The Simpsons’ beloved character Apu could potentially be killed off the show.
The Simpsons’ beloved character Apu could potentially be killed off the show.

Longtime Simpsons character may be killed off

ONE of The Simpsons' most beloved characters may be about to be killed off after becoming the subject of a controversial documentary.

Indian immigrant and Kwik-E-Mart owner Apu Nahasapeemapetilon, who first appeared in season one, episode eight, is one of the most familiar faces in Springfield after 29 seasons.

Last month, a documentary by comedian and child of Indian migrants Hari Kondabolu aired - called The Problem With Apu - which explored how the character was created and continues to exist all these years later.

"I spent a lot of time revisiting Apu episodes," The Problem's director Michael Melamedoff told The Washington Post.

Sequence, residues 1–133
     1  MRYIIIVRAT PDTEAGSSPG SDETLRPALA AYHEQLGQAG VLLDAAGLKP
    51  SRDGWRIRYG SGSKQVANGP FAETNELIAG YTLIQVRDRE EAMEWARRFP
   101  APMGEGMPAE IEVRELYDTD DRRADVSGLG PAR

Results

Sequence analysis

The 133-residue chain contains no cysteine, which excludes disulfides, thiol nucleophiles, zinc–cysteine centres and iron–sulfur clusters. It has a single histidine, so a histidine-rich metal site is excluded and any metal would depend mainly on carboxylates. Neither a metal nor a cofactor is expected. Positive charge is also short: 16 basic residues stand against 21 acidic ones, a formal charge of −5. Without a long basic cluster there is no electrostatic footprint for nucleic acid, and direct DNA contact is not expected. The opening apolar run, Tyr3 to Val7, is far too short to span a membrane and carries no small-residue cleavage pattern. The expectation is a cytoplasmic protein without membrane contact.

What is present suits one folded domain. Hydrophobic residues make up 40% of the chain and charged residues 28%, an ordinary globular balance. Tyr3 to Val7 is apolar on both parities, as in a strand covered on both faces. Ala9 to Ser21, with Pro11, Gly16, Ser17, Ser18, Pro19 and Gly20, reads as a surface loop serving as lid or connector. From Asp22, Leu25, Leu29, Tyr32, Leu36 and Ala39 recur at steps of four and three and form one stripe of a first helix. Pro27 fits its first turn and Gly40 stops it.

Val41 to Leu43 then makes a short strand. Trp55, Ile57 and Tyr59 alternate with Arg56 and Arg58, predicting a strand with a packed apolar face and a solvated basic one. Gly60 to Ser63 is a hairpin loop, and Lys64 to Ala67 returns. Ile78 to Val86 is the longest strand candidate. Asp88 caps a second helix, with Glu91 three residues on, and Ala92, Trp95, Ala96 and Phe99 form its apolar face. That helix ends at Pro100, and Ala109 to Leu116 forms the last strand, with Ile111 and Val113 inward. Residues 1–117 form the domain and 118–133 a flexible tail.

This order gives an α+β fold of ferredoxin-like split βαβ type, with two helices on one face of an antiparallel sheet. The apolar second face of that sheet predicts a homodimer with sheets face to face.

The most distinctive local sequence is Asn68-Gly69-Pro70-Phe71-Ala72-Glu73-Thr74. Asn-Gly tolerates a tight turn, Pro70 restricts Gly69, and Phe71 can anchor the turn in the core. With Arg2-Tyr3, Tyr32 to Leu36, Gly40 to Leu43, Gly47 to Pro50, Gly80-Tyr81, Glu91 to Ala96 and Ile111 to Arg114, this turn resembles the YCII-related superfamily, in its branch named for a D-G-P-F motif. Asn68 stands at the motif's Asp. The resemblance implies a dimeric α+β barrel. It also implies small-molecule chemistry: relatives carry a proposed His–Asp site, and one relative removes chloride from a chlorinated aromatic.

"Of course, the character has moments of real wit and insight, because the writing team at The Simpsons was great. But a lot of those moments are also blanketed by very cheap jokes that come at the expense of South Asian culture and South Asian experiences."

Is Apu a comedic character or racist stereotype? Picture: Fox via AP
Is Apu a comedic character or racist stereotype? Picture: Fox via AP

Brooklyn-based Kondabolu said he has been "taunted" by the show's portrayal of Apu for the past 30 years.

"Everything with Apu is like this running joke," he told the NY Times . "And the running joke is that he's Indian."

Hank Azaria, who voices Apu, has now broken his silence and hinted there's a possibility he could be killed off the show.

Azaria told TMZ the documentary had made some "interesting" points about racist stereotyping, and that there is "a lot to digest".

"[To hear that] anybody that was hurt or offended by any character or vocal performance is really upsetting, that it was offensive or hurtful to anybody," he said.

If Apu does meet an untimely death, he'll follow in the footsteps of other show favourites including Maude Flanders and - most recently - Krusty the Clown's father, Rabbi Hyman Krustofski.



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